Powerful Tips For Organizing Your DJ Library

May 4, 2020 | Software, Music

Yeah, Organizing Your DJ Library Isn’t Easy

Before we dive into shortcodes and subgenres let’s provide a little bit of history on my original organization of music. Many years ago I used to rely on iTunes to manage much of the structure of my music. Since it handled the folder structure all I had to do is create some smart playlists to help organize music to my liking. But maintaining multiple databases, be it iTunes and Serato or say iTunes and VDJ, things would get out of sync and just really was not worth it. So I set out on a mission on how to recreate some of the key features that I used in iTunes and transplant that into my DJ application of choice.

So what was my goal? Simply put, being able to recall music as quickly as possible. So the first things I had to think about is what music am I recalling. In iTunes that usually is related to my star rating that at least signifies the likelihood of wanting to play that song during a period of time. But with iTunes that is all I had was a rating, nothing more. How could I better leverage that rating. For instance there are songs I personally love but might be less likely the crowd does.

Platform Agnostic

One of the beauties of doing this in the tag is that you can bring it over to other platforms, say if you were in Serato and wanted to go to Virtual DJ as long as your program supports those fields.

What is this Shortcode you talk about?

So that begat the first element of my shortcode system, a system that would come up with abbreviations that normally wouldn’t come up in search so it was very easy to pull out. In this case SRT became my “sorting code” which transposed my star rating over. So a 5-star rated song became SRT5, SRT4 and so on. That was great for my own personal rating but how about how it would relate to the events I do.

That is when I came up with my music “types”, CMY for ceremony, C&D for cocktail & dinner, and DNC for dancing. I could assign a number to give my preference as I would rate it for the crowd’s potential like of a song that differers from my own personal tastes. 

Rating of music now has its rankings, but what about other things that has some meaning. Well I can bake in the mood of a song, with SLW for a SLW song or CLB for a real club banger. Do I have the song on vinyl (which I still collect)? Then mark it as VNL7 for a 7” single, VNL12 for a 12” single, and VNLLP for a full album. It sure helps with staging up an all vinyl set.

And most importantly to a mobile DJ, CLN tags my clean tracks while XPL goes to my explicit tracks.

So where to sore these shortcodes? For me I wanted to leave the comment field free in case I wanted to capture even more info about a song, At the time I started this Serato had the composer tag available and it’s something I really didn’t use. So it became the home of my shortcodes. When I switched to Virtual DJ it lacked the ability to search the field, but after mentioning it in the support forums they quickly added it (talk about great support).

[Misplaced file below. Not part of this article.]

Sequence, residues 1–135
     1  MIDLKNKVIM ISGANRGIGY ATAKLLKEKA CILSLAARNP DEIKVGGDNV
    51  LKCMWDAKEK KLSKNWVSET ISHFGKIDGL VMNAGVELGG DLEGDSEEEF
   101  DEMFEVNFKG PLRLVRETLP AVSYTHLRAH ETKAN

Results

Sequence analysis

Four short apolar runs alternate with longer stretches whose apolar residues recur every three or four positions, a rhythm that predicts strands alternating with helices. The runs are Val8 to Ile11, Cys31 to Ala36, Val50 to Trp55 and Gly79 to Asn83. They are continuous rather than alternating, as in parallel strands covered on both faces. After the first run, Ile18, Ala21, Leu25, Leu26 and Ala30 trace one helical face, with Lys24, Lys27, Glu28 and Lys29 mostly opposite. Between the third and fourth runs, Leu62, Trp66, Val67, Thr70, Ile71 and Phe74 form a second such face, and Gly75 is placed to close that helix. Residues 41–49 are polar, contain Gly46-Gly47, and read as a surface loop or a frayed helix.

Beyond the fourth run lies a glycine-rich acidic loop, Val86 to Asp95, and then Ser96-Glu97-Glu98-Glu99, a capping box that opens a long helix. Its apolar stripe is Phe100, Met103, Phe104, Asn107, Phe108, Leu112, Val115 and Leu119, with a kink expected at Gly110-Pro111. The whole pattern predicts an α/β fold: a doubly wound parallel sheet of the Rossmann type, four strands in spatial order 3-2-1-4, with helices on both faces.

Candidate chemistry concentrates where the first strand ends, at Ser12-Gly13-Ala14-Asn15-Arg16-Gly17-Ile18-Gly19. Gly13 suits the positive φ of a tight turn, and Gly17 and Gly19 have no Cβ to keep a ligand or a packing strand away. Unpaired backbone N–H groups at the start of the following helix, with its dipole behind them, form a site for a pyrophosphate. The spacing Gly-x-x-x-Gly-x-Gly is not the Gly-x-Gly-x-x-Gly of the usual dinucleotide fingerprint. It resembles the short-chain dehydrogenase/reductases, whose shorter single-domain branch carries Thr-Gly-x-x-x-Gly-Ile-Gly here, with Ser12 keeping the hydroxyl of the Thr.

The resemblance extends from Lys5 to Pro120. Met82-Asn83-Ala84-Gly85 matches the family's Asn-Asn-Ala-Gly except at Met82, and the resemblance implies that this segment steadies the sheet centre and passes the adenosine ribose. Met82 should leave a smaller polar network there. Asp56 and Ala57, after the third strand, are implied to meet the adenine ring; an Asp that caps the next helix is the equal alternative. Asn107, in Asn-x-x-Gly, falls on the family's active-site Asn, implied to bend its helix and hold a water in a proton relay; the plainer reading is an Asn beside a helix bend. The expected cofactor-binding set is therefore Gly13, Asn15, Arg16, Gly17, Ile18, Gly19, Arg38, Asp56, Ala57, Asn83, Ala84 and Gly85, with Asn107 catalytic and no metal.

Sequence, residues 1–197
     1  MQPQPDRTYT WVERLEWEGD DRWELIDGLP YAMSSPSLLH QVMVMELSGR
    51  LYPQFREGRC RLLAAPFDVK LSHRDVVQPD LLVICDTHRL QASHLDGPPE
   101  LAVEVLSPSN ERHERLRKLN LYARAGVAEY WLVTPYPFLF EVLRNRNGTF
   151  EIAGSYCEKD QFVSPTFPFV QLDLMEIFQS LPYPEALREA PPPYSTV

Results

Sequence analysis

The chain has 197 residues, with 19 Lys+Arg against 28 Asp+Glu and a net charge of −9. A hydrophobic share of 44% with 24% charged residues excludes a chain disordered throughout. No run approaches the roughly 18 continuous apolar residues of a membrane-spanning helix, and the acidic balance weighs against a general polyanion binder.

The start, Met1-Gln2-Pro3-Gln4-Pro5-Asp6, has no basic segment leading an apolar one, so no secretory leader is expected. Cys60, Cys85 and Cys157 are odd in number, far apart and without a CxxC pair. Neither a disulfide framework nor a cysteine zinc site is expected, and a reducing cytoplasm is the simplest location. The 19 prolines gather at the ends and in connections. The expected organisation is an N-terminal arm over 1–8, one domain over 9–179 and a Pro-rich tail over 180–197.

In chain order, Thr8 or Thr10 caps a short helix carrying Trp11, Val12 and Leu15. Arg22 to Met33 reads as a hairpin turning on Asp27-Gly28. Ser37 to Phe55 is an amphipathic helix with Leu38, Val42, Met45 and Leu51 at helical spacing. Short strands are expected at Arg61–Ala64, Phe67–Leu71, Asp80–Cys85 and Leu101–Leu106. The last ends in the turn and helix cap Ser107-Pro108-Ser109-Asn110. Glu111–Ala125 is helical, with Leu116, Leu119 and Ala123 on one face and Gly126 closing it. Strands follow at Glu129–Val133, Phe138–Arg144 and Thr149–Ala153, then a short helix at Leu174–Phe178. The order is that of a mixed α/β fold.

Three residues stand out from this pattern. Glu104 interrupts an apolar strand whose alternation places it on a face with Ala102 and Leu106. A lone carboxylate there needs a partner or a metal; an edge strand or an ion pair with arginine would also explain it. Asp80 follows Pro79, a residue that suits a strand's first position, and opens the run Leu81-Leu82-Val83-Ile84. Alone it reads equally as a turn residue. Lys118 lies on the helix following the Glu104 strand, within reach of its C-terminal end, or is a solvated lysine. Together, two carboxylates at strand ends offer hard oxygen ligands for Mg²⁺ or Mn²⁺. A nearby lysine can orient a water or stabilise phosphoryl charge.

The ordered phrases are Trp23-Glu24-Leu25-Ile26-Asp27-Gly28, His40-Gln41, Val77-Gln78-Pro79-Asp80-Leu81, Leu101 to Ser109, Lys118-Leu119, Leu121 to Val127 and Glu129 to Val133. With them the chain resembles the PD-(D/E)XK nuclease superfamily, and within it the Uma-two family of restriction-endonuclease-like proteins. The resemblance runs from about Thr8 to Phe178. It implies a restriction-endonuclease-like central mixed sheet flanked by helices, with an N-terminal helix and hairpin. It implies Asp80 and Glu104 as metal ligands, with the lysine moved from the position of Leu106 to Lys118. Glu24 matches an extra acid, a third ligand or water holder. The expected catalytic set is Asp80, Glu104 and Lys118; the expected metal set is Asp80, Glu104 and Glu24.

Subgeneres adds depth to your catalog

An additional element I wanted to make sure I captured was the subgenre of an artist and song while preserving the core genre as it’s own thing. So I created a stringent genre system that things had to fall under

  • Classical
  • Country
  • Dance
  • Hip Hop
  • Jazz
  • Latin
  • Pop
  • R&B
  • Reggae
  • Rock
  • Other

But songs can naturally live in so many varied places. A disco song could have more R&B roots or just based off Dance. A hip hop song could be more pop than anything. Reggaeton, Bachata, New Wave, Freestyle, West Coast, Yacht Rock, the lists can go on and on. But I wanted to make sure I captured as much of the essence as possible. 

So that is what I do for my songs. I use the grouping tag to be my home for subgenres and plug away. The more detail the better. 

With all this information, and my short codes, it allows me to search with great detail beyond just an artist or song title. 

  • I want a west coast hip hop song that the dance crowd will love. Got it.
  • Some yacht rock that works for dinner. Absolutely.
  • Couple wants some serious deep New Wave tracks. Here you go.
  • House music from the late 90s? Bam.

The more information, the better

While I know a ton about the music I love, it truly helps to have that all searchable in my database. It speeds up the process of music selection so I can focus on other aspects of managing my events. It also helps me rediscover tracks I might have forgotten about to take more risks in expanding the playlists to new places.

Also having these shortcodes and other data points allows me to create smart creates (for Serato) and smart filters (for Virtual DJ) to give me a basis to work off of. For instance I have root filters for decades, genres, music types, star ratings, all to help me navigate around a large library of possibilities. 


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